Is Picanha Steak Expensive? [Is It Worth It?]

When choosing a steak, you may find yourself looking at what is on the shelves and freezers and become confused. When looking for a specific cut, like the picanha cut, you may even be shocked to see how much the price is when it is smaller than other cuts.

Picanha steak can be expensive if you get a piece with equal marbling and a reasonably even fat cap on the side. On average, picanha will be $12 per pound up to $50 per pound. However, depending on the quality and location, many people still see that as an inexpensive steak.  

is Picanha steak expensive

As with many steaks, it will depend entirely on your location and whether the steak has been well made. Unfortunately, you can often find that even a simple picanha steak can be double the price of a ribeye, which makes choosing the best possible picanha steak a challenge. 

What Is The Price Of Picanha?

On average, picanha steak should only be around $22 per pound, as the steak has a larger fat cap that will shrink dramatically during the cooking process.

However, this price is much higher in countries such as Japan, the UK, and even parts of the US. 

As picanha is closely associated with Brazil, the price of the meat and the style of its cooking differ significantly as you move from country to country. This has caused many to see picanha steaks as a luxury and ribeye and other more common steaks as regular steaks. 

You may even find that some countries do not know how to cut the picanha steaks, cutting off the piece of fat that is integral to the cooking process. This becomes known as a culotte steak and can be deceivingly expensive despite the lack of taste that the final cooked piece of meat will have.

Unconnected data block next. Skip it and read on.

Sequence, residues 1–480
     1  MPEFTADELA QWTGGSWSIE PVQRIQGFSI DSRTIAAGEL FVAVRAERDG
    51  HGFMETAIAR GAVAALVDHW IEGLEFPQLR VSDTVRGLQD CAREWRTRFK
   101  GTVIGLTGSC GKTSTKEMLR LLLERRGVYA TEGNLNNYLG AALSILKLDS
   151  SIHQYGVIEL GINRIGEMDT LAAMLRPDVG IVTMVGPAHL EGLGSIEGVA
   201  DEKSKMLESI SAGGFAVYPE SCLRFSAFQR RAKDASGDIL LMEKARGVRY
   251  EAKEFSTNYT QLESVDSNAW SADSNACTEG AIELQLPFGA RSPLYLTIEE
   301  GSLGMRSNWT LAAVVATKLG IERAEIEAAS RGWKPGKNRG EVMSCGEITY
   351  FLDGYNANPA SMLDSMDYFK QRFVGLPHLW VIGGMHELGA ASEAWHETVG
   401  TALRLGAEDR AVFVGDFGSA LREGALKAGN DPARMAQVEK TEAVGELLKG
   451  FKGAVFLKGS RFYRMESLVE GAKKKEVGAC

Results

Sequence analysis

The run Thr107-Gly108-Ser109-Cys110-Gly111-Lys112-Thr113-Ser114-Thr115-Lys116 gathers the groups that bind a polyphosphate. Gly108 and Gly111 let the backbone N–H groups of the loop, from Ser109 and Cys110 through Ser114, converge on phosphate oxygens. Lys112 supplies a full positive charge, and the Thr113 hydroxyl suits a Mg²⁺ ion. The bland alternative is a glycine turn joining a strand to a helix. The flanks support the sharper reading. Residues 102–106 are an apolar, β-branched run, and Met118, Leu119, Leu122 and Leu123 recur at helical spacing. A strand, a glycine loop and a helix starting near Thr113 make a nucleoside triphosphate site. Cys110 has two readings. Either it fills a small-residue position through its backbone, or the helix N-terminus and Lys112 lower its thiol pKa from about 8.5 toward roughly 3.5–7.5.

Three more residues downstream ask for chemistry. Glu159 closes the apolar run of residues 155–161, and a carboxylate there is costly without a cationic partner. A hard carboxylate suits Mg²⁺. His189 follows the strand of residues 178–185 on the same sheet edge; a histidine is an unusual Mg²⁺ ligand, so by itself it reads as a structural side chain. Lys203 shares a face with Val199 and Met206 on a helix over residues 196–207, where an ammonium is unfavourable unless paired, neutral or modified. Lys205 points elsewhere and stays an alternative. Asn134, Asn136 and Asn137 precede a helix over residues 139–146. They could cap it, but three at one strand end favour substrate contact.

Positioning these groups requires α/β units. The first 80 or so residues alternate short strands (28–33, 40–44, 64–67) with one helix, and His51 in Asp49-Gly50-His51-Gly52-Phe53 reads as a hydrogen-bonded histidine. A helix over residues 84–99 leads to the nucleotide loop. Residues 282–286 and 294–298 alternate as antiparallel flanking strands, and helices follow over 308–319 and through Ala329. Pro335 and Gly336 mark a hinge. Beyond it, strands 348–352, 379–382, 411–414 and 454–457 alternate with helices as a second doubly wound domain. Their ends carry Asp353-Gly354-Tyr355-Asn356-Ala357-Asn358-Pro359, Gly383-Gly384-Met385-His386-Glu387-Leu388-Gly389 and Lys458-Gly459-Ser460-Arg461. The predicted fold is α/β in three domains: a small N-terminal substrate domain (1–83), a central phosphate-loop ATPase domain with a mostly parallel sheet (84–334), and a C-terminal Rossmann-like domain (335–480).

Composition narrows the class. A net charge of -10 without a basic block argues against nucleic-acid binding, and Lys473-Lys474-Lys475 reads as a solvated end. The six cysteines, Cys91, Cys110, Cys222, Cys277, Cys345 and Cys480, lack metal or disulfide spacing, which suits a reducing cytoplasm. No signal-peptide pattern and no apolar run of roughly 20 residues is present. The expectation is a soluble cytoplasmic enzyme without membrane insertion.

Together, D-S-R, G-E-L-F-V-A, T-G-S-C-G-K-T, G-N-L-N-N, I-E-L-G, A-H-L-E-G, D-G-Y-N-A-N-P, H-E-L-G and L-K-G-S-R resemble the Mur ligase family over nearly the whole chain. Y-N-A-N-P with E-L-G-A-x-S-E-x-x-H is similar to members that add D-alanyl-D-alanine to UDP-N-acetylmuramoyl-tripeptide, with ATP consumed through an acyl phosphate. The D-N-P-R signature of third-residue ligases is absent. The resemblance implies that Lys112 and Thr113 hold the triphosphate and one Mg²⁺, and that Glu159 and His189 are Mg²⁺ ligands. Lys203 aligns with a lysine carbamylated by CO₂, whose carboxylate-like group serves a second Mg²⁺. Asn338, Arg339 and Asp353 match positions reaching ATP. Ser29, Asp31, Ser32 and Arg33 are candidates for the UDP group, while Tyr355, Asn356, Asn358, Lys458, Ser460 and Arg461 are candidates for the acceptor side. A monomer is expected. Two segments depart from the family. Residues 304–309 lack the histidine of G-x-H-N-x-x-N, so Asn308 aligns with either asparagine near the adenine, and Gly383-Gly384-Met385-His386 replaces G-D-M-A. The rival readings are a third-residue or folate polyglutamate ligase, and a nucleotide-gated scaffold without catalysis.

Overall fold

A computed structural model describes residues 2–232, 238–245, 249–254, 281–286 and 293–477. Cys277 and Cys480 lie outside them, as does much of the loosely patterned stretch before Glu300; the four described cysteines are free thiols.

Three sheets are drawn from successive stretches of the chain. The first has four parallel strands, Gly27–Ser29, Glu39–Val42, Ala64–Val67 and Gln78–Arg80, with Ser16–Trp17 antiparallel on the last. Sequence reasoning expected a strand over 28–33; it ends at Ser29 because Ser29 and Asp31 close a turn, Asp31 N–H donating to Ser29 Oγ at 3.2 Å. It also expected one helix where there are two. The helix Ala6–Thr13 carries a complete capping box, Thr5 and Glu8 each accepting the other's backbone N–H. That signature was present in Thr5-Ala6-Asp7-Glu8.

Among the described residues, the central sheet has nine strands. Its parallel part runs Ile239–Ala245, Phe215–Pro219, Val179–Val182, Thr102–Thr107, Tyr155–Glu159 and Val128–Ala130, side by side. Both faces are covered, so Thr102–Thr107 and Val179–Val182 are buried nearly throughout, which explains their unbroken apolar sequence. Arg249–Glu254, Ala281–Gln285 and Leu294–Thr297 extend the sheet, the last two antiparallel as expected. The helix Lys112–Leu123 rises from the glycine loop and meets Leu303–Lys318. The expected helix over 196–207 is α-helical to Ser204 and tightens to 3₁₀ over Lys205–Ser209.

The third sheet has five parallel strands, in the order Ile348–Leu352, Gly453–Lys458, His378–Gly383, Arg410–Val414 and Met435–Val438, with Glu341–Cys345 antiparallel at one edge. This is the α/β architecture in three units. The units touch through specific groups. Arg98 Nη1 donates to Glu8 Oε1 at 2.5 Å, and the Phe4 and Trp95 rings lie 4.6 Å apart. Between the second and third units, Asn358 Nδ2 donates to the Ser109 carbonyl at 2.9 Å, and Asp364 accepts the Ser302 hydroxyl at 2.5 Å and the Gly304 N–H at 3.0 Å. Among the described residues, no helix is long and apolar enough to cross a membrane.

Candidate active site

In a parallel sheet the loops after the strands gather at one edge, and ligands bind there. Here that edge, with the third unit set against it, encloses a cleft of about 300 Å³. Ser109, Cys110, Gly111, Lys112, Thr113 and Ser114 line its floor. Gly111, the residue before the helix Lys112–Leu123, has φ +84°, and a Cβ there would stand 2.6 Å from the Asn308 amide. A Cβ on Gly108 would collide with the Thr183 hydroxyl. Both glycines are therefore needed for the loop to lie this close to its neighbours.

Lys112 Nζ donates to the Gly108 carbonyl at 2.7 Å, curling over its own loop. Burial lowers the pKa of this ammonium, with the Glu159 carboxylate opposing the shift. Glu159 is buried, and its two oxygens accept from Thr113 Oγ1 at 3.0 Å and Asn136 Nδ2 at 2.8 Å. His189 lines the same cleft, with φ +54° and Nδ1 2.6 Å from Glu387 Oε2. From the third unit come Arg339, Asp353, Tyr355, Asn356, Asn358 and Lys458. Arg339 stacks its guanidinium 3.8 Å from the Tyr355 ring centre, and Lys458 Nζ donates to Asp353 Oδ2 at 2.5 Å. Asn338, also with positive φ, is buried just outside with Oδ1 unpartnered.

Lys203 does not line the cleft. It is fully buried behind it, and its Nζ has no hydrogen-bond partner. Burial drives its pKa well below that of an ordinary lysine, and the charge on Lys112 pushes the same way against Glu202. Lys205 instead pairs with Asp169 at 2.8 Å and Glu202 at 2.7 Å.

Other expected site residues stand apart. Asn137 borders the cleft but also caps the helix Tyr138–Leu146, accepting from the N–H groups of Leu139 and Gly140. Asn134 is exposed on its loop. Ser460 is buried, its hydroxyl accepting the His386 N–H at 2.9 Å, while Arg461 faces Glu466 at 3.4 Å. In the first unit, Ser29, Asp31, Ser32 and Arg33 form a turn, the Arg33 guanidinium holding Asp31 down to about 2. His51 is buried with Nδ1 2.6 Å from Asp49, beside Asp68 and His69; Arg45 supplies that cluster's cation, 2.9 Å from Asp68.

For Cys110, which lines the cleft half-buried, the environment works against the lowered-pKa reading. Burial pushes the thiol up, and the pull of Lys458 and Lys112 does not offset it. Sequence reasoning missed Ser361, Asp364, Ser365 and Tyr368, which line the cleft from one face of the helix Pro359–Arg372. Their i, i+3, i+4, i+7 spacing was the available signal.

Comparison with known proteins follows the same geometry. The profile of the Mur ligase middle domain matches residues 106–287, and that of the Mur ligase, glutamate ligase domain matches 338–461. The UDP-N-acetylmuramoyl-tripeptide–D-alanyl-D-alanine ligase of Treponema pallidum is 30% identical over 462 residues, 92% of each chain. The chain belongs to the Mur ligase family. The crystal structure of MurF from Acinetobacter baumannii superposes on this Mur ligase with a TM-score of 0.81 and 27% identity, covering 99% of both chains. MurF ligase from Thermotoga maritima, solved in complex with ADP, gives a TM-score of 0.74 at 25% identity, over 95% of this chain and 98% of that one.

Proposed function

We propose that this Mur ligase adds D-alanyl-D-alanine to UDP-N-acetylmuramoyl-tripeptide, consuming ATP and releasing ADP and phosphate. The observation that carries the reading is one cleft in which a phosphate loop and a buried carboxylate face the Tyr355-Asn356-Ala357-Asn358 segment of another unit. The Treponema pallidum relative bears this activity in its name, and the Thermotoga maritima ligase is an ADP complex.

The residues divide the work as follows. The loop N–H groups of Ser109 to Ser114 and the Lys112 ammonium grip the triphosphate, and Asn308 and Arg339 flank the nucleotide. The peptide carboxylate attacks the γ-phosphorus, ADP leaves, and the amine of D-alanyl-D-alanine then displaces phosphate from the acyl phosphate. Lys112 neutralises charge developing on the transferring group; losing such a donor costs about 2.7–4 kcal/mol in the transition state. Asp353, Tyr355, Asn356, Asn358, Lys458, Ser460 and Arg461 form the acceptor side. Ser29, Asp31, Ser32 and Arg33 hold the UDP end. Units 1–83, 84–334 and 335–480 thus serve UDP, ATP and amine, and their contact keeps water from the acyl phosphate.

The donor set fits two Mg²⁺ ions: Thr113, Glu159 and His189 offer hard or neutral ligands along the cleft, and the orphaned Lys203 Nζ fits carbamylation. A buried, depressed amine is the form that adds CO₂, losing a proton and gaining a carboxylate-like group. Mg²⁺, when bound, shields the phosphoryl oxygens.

Is Picanha Steak Worth It?

If you have suitable cooking instruments, picanha steak can be well worth the price and the difficulty of cooking it. Traditionally in Brazil, it would be slow-roasted over a rotisserie-style grill, while many in the professional world of cooking prefer the oven and iron skillet. 

It allows you to make the picanha steak by cooking it in the oven and then pan-searing in the same pan on your stove. However, this delivers a significantly different taste than on an open flame or on the grill. 

This is why so many people struggle to make a great tasting picanha steak at home. 

Further, because the picanha steak has such a large fat cap, making it on a regular grill or weber can be challenging. The meat and fat do not respond well to high heat situations, becoming both tough and almost flavorless as the fat does not have the time to relax and absorb into the meat. 

Do You Eat The Fat On Picanha?

Yes, all parts of the picanha steak are edible. The fat on the picanha steak is the most essential part. 

Usually, you can cut the meat so that you are eating the fat along with the meat. This is the best way to get the taste of both, instead of just the taste of the fat. 

It should be noted that when you cook the picanha, it’s vital to cook the fat longer than the rest of the meat. This is why you may see people turning their meat onto the side to have the fat-faced towards the hottest part of the pan or fire.